Windows updates are stupid. They're obtrusive on so many levels, it's no surprise people shy away from updating any WinOS and their programs; It's absolute chaos. There's no one system by which you can download and update even groups of programs. Sometimes when you start a program it'll tell you that it's out of date, and require a redownload, some have auto-updaters, some have annoying pop-up boxes (cough flash java cough). It's a catastrophe, because there are updates that keep your system secure, or updates that are crucial to the stability and performance of programs.
Another area that Ubuntu shines is it's one click update process. Whatever you install through Ubuntu's Software Centre gets automatically updated when you run the Update Manager app. Not only are you guaranteed the latest version for all your programs, but the latest updates for your Ubuntu install as well. Even new Kernel versions are pumped out through the Update App. This means that you'll always have the newest, safest, fastest version of your OS available. This is a nice change from having to manually update 15 constantly used programs on my system.
Ubuntu Battery Life
These six days are obviously not going to yield all positive things. And it would be naive and unfair of me to give nothing but positive news. In terms of usability, Ubuntu reigns supreme, but it's lack of driver and overall hardware support takes it's toll on the battery.
When I was running Windows 7 on this machine, it had great hardware un-clocking tools that would turn down the processor, and save battery whenever possible. It even allowed for manual power control. I could easily get ten hours from a full charge.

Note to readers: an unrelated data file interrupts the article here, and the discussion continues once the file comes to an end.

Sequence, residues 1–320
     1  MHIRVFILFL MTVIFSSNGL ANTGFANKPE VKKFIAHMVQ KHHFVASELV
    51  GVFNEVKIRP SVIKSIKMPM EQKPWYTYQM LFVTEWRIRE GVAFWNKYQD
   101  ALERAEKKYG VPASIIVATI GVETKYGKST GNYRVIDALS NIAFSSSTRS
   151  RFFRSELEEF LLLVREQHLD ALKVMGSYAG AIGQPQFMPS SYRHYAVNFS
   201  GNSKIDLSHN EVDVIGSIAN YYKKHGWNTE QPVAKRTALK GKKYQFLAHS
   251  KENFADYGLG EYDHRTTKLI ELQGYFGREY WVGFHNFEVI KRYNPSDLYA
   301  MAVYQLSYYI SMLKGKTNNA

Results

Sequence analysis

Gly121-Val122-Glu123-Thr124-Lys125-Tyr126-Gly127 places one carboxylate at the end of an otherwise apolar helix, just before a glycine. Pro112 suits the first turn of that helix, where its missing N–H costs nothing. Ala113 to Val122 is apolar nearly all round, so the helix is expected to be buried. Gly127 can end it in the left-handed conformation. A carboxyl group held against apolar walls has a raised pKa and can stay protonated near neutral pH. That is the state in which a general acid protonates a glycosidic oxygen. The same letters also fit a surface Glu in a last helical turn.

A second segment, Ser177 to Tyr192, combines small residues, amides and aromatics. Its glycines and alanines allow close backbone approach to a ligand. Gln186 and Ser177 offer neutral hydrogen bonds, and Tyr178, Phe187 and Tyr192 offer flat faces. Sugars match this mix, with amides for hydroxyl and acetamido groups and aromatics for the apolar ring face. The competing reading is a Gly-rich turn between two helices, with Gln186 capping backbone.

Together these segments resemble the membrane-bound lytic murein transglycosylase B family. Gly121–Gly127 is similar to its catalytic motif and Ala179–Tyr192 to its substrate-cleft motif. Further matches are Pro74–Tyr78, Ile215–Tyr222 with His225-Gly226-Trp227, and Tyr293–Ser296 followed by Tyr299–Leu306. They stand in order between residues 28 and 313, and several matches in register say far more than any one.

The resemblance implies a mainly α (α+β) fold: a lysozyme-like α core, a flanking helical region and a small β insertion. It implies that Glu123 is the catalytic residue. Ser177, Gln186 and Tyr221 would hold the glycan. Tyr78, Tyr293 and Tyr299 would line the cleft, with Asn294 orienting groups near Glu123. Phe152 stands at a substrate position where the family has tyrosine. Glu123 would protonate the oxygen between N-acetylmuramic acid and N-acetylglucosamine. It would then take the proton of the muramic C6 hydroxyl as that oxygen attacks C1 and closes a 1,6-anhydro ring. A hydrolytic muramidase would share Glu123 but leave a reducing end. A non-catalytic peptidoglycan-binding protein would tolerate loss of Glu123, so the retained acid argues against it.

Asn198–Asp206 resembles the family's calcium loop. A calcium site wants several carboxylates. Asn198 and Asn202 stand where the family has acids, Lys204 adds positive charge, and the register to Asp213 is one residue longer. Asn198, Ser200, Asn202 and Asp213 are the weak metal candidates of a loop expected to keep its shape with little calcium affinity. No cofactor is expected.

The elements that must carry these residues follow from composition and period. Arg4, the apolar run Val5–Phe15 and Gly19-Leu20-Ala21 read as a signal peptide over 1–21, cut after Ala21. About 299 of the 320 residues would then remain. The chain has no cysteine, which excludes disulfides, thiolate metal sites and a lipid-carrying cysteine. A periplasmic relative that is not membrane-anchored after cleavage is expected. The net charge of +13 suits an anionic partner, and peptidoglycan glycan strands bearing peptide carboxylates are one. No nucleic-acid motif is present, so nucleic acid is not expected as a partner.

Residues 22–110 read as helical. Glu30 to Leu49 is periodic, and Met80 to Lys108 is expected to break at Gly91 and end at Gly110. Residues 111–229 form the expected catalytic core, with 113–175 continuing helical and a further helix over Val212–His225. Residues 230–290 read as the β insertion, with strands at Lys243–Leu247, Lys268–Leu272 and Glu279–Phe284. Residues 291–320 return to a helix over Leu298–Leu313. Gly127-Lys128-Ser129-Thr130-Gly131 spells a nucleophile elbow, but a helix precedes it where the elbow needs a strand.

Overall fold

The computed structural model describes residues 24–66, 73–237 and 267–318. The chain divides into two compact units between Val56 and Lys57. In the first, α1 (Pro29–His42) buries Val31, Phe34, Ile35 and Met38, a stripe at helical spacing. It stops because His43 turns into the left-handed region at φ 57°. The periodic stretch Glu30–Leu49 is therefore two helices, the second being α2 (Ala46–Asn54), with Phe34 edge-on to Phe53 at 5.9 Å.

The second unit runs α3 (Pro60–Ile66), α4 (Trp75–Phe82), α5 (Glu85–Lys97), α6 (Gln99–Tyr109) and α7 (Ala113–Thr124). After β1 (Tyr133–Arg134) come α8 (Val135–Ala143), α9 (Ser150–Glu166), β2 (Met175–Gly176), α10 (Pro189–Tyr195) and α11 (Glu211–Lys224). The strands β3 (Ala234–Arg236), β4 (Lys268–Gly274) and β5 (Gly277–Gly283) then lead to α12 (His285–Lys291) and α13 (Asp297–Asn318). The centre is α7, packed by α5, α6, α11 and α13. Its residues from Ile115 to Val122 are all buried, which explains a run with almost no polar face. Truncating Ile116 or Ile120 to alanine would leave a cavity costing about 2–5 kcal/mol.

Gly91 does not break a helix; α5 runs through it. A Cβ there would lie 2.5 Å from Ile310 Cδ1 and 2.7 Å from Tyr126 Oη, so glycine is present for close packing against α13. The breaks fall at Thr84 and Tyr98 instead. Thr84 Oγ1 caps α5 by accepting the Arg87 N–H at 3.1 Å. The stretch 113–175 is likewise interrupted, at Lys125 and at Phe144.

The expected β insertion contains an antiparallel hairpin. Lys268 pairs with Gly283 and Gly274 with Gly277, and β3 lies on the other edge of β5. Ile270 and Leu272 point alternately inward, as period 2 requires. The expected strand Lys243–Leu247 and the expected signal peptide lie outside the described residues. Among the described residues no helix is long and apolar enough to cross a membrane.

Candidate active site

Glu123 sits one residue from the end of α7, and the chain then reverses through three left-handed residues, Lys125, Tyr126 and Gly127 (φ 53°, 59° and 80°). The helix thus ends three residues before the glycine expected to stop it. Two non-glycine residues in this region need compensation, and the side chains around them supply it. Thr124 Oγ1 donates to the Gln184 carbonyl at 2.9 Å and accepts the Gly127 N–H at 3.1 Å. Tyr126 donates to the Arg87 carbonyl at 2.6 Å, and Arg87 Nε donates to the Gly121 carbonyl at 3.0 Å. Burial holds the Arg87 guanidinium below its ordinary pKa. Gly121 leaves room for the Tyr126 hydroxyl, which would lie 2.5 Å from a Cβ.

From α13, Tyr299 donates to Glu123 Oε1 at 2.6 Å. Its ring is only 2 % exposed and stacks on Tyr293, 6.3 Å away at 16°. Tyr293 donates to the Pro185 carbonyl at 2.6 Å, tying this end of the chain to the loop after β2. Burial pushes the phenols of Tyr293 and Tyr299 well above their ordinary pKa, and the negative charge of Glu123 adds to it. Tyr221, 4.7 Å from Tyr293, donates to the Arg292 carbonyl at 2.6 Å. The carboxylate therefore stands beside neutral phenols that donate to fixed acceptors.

Ubuntu on the other hand treats laptops with a blanket 'power saving' mode. There are no drivers available through the Lenovo site for x220 machines, and when I e-mailed support about any plans to support Linux, I received no reply. On a full charge, I get three to four hours of web-browsing, and three when doing video playback, even less if I have things running in the background.
I tried a program called 'powertop', which allowed me to change some things called 'tune ables', which were supposed to provide a little more battery life, but in the end the amount I gained was minuscule, and when I restarted the machines the tune ables reverted back to stock settings. It just wasn't worth it.
Is this a huge factor for me? Yes and no. I don't travel much, and I don't find myself in a situation where I'll need more than three hours of battery without access to a outlet very often, but it is a pretty significant power drop over the Windows battery life.
I'm kind of hoping that the recent reveal of the Ubuntu Tablet OS, Canonical will pay a little more attention to the limited power of batteries.